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BBC's New Show 'The Restaurant That Burns Off Calories' Is Gross and Demoralizing. Here's Why.

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Editor's Note

If you live with an eating disorder, the following post could be potentially triggering. You can contact the Crisis Text Line by texting “NEDA” to 741741.

In the wake of COVID-19, people around the world are looking for different ways to entertain themselves, often under limited quarantine conditions. Cue the BBC network’s massive mess-up — yet another problematic and tired show about weight loss and eating. The company that brought to market television gems like “The Office” and “The Great British Bake-Off,” just launched a doozy, “The Restaurant That Burns Off Calories.”

The show, hosted by stars Zoe Williams and Fred Siriex, presents the charming, personable and conventionally attractive duo as experts speaking to eager viewers on the controversial topic of weight loss. Nevermind that we are living through a pandemic where many people are already anxious about their weight and eating habits under quarantine or self-isolation, it’s even more damaging the show’s premise includes unsuspecting diners eating at a restaurant, only to find themselves at an on-site gym where a group of individuals will burn off the calories they’ve just eaten. 

The show was admonished by Beat, a UK charity in support of people with eating disorders, on Twitter:

“We strongly discourage anyone with an #eatingdisorder to watch the BBC2 programme The Restaurant that Burns Off Calories airing tonight,” the organization said, then offered extended hours for anyone who needed support after watching or hearing news of the show.

Nevertheless, the show persists, allowing fat positivity deniers to relish in its explanation of science that defines what calories are, why we need them and why people eat more than they burn. The show then presents the conclusion research suggests when people see how much work it takes to burn off their food, they are permanently changed and will revert to eating 20% less in their daily intake, like magic. 

They must think that fat folks have never seen the inside of a gym.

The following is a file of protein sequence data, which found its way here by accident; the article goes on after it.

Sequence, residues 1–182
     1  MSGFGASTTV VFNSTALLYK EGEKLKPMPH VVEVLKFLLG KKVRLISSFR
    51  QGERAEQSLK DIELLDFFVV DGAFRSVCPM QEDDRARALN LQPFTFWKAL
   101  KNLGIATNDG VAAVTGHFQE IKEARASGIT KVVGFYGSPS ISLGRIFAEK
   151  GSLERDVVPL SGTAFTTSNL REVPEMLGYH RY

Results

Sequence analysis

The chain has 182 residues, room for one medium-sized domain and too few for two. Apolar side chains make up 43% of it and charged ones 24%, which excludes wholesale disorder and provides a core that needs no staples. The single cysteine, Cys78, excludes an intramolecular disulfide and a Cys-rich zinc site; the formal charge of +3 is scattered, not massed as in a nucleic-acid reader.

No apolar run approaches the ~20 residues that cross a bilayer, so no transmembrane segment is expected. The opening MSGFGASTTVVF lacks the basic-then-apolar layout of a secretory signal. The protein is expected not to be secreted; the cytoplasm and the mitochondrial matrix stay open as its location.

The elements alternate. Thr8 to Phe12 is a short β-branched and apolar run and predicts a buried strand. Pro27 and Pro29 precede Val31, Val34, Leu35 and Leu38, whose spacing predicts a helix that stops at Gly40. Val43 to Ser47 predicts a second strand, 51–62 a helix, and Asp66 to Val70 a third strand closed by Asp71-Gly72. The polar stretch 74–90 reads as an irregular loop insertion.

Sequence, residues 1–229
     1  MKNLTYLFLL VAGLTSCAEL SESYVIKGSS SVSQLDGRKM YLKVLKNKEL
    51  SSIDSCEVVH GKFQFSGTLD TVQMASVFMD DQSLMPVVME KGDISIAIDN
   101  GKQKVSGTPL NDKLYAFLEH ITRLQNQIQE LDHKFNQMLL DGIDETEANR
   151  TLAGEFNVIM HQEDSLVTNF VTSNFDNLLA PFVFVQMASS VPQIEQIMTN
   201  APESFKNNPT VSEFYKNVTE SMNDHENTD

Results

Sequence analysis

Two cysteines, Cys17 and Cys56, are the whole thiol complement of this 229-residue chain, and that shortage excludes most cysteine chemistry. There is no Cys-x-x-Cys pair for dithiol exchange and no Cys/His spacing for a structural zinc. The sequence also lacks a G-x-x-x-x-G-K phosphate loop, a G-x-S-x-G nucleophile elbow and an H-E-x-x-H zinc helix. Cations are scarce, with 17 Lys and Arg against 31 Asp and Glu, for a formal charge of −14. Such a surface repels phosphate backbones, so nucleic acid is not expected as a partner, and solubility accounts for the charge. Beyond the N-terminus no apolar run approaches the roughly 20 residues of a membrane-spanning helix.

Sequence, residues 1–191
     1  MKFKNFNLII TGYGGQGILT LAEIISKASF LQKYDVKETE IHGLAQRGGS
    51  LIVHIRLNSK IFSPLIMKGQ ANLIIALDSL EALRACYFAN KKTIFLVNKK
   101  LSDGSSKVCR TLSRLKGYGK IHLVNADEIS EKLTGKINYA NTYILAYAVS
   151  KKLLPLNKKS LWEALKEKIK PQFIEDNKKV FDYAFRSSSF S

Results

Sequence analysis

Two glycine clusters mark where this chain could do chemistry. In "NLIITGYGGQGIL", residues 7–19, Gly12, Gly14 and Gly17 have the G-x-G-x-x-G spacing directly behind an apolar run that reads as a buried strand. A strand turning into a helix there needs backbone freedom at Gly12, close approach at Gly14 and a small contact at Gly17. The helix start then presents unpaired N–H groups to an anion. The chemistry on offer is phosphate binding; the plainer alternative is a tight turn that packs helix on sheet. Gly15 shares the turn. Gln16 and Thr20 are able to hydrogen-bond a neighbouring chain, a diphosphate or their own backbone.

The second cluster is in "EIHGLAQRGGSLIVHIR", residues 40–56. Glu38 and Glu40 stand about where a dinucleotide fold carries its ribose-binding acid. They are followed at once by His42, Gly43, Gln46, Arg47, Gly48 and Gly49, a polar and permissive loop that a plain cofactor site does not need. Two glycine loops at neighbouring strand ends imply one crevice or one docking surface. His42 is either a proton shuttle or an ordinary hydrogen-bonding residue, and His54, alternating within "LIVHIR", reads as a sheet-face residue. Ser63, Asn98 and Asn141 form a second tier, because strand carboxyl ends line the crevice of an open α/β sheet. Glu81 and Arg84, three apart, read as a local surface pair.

This narrative promotes harmful stereotypes about fat people. For one, that we are lazy or don’t work out, that we don’t understand how caloric intake impacts weight and, perhaps most harmful, that if you just “eat less” you will be better — “cured,” if you will. 

Some television fans have taken to Twitter to criticize the show, including Ruby Tandoh, runner-up on season four of “The Great British Bake Off.”

As someone who has personally struggled with eating disorders on and off throughout my life, I can’t wrap my brain around why this show exists in 2020. And why now? 

It feels like concern trolling, or “the action or practice of disingenuously expressing concern about an issue in order to undermine or derail genuine discussion.” What’s the discussion being undermined and derailed by “The Restaurant that Burns Off Calories”? I’m glad you asked!

It’s the global discussion that health and wellness is not a number on a scale, it’s not something you can earn by restrictive eating and being a gym rat. It’s certainly not encouraging everyday people to cut their caloric intake by 20%. I look forward to a day when junk science about fat people isn’t confused with medicine, but until then, I won’t be tuning in.

If you or someone you know is struggling with an eating disorder, you can call the National Eating Disorders Association Helpline at 1-800-931-2237.

Screenshots via Twitter

Originally published: April 22, 2020
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